There was a time when you could count on three things in life: death, taxes, and that a big Hollywood movie would be accompanied by a big song.
I’m talking about the power ballad, and its deep connection to movies, at least in the ’80s and ’90s. You could expect some of the biggest blockbusters (or attempts of being one) would be released with huge songs. Guitar riffs, over-the-top vocals, an orchestra, you name it. There was no place for “small”: you either went big or went home.
Let’s go back to the beginning. Music was always a big part of cinema. What I’m talking about is a very specific trope, a power ballad that would become the theme song of a film, and would be almost culturally linked to it, aiming to become a pop hit.
This trend was put in motion by, of all things, Debby Boone’s You Light Up My Life, from the almost forgotten film of the same name.
Yeah, it’s easy to dismiss nowadays, but this piece of 70s cheese was actually one of the biggest hits of all time. It placed Number 9 in a Billboard retrospective, and remains one of the best-selling songs of the ’70s, placing higher than pretty much any other big name of the time. Miss Boone beat them all.
And it might have been one of the most influential, because this song showed how big a movie song could get, even attached to such a mediocre film. Winning the Academy Award for Best Original Song didn’t hurt its legacy either.
The shadow it cast in upcoming years cannot be denied: skip to the ’80s for “Nothing’s Gonna Stop Us Now” (Mannequin), “Up Where We Belong” (An Officer and A Gentleman), “Arthur’s Theme” (from, you guessed it, Arthur).
It’s fascinating how in many of those cases, the songs took on not only a life of their own but completely eclipsed the movie they were based on. Exceptions happened, of course. “Take My Breath Away” came from a big, Hollywood blockbuster (Top Gun); “Eye Of The Tiger” was part of the Rocky saga. It was almost like a bet: put some effort into your song, and even if the film flops, there’s a second chance in the music realm.
And then, the ’90s came, and things got even bigger: Whitney Houston’s legendary cover of “I Will Always Love You,” for The Bodyguard, Bryan Adams’ “Everything I Do” for Robin Hood: Prince of Thieves, Celine Dion’s epic “My Heart Will Go On” for Titanic.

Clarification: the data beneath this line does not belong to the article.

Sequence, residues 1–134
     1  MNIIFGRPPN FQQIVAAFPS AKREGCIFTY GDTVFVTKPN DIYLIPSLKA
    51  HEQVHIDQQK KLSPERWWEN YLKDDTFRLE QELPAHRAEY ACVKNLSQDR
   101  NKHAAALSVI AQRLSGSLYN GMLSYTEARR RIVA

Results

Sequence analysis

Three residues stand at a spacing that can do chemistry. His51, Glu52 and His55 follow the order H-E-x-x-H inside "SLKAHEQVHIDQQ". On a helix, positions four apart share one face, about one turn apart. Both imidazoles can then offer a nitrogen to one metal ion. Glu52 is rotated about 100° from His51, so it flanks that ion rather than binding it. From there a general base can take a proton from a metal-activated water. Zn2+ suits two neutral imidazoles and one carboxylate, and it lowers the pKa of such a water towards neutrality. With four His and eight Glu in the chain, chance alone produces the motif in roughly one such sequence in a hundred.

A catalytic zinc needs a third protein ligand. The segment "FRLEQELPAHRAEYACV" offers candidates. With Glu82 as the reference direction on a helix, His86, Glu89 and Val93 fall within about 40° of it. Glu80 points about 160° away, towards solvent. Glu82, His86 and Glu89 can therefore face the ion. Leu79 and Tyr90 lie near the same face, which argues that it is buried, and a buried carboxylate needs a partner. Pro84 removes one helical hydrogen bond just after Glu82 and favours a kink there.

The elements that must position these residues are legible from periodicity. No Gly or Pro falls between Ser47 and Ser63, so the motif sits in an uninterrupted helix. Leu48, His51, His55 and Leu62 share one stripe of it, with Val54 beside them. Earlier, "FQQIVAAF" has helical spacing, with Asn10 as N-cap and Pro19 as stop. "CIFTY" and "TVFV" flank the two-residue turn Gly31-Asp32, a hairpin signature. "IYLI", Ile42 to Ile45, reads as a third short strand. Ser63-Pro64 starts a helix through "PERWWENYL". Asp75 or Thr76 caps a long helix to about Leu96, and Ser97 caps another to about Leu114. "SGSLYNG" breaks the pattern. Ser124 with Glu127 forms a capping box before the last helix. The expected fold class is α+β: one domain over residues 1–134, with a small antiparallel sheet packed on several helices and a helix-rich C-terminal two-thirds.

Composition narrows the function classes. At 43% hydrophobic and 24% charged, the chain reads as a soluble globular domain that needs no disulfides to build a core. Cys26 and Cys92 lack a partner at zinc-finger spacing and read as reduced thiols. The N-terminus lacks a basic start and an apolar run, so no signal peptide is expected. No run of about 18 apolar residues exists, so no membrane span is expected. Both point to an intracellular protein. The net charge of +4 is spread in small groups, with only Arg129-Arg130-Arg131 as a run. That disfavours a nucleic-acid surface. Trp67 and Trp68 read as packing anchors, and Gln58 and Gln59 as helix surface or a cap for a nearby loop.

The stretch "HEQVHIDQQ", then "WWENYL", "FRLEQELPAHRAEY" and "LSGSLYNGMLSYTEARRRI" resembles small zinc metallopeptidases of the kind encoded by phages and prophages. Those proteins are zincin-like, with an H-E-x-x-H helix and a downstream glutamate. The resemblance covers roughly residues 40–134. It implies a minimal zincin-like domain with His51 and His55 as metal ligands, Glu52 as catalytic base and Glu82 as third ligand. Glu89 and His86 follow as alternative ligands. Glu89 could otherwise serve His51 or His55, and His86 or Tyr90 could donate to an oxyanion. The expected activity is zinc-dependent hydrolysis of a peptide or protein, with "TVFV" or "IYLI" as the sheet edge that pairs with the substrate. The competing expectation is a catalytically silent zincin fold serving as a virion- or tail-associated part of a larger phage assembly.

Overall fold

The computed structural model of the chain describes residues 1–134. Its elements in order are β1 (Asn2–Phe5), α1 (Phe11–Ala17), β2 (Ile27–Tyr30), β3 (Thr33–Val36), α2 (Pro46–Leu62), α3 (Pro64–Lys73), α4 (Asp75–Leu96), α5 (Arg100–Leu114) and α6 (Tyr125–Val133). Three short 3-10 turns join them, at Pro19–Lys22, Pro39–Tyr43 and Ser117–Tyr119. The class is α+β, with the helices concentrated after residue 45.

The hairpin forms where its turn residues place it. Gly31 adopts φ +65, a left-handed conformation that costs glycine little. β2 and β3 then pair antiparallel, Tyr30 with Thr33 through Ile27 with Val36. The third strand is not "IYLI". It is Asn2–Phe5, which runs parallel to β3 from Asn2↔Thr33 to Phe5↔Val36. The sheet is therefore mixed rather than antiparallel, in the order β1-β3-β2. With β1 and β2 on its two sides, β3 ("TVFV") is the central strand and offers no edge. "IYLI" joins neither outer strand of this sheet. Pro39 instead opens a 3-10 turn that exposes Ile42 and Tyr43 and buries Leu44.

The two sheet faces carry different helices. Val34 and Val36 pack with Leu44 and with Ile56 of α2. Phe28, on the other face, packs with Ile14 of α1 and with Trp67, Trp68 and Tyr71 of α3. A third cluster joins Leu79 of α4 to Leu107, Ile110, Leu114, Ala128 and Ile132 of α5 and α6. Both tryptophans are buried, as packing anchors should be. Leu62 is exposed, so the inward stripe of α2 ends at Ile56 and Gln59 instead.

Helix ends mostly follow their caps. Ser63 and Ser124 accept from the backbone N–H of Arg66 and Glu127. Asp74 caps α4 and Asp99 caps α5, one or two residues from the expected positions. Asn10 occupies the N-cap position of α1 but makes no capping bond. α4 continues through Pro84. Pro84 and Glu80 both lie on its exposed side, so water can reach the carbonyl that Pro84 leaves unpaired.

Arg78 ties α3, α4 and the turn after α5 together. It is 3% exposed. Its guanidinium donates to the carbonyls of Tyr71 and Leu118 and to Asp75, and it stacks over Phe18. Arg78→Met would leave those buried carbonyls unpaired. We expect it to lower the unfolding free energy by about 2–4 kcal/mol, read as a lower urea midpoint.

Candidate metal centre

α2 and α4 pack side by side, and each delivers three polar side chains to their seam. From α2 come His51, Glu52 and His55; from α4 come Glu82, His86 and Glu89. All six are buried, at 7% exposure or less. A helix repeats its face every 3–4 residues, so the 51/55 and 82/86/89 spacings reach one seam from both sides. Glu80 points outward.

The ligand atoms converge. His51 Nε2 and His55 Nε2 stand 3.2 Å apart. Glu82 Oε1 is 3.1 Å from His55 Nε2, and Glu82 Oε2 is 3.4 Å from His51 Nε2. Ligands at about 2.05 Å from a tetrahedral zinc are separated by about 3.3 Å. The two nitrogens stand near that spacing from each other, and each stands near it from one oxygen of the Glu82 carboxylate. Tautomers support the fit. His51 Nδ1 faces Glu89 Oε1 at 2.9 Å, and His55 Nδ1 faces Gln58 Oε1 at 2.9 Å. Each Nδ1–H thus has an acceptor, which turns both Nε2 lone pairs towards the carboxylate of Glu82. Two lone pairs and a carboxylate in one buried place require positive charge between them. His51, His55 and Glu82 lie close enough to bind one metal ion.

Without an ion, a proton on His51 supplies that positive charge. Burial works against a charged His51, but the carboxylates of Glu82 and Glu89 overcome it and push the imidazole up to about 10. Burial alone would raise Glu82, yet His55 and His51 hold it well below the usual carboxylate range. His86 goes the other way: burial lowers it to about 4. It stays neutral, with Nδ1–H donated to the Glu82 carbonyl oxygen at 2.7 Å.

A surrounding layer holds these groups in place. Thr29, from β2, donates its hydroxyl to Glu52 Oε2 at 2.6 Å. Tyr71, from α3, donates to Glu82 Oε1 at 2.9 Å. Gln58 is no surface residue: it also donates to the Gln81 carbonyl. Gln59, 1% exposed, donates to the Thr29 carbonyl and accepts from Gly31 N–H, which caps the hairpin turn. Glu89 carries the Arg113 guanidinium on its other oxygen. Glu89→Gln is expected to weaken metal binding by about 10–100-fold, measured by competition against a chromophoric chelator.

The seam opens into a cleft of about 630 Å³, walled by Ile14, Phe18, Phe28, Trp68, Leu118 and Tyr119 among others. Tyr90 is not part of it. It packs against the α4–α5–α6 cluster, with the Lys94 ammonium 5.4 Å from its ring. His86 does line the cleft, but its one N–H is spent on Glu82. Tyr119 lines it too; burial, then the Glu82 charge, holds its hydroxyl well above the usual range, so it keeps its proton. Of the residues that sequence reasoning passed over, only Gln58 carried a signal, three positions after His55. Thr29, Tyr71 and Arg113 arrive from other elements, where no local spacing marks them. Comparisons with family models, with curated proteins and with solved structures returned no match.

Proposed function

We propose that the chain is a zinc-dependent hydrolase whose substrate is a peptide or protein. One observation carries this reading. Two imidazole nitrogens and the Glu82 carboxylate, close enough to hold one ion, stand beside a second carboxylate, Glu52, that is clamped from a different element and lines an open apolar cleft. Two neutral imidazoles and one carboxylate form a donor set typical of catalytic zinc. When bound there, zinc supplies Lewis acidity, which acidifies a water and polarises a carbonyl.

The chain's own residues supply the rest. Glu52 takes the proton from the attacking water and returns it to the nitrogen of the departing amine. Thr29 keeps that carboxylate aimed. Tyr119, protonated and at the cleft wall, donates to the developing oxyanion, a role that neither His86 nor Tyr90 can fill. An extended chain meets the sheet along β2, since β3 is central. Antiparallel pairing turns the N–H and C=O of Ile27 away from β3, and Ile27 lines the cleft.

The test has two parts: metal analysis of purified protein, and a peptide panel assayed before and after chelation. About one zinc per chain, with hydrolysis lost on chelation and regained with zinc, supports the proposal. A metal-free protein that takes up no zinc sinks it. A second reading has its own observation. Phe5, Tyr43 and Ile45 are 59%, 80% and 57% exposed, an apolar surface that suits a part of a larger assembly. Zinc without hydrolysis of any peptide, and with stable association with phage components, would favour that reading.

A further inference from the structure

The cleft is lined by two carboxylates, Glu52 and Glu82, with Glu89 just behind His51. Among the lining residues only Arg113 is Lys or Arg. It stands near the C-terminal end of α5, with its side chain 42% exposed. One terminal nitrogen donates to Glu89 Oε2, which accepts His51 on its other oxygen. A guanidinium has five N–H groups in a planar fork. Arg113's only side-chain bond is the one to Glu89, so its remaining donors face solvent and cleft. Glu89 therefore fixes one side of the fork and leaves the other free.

By this time, every kind of movie was taking part in this formula: from superhero movies (“Kiss From A Rose” for Batman Forever) to disaster films (Aerosmith’s “I Don’t Want To Miss A Thing” for Armageddon) to Disney who went hard in this particular direction with films like Aladdin, Beauty and The Beast and Pocahontas.
But while the power ballad bloomed in the 90s, it would lose relevance in the new millennium.
Changing tastes, radio saturation — by the 2000s, this particular formula had lost its appeal. Music in films became more minimalistic, and even the Academy, as old-fashioned as it is, was starting to shop somewhere else. When you have not one, but two rap songs winning the top Oscar prize (Eminem’s “Lose Yourself “in 2002, and “It’s Hard Out Here For A Pimp,” by Three 6 Mafia in 2005), it’s a sign this sub-genre was in trouble.
Music is now done for film in a different way. The Marvel Cinematic Universe, the biggest cultural phenomenon of the past decade, doesn’t have big songs attached to it; in another time executives would have contacted Adele or Beyonce’ and paid a fortune for a big number. Maybe some indie song from a film goes viral on Tik Tok or YouTube, but its approach it’s more stylized and often more minimalistic than the bombastic style that used to rule the movie song circuit.
Maybe power ballads became too “expected,” a big no-no in showbiz. Perhaps the simplest explanation is the most logical one: money. Music just isn’t as profitable as it used to be.
But the tide could turn again. A revival is not out of the realm of possibility; after all, the best Hollywood movies always feature a good comeback story.
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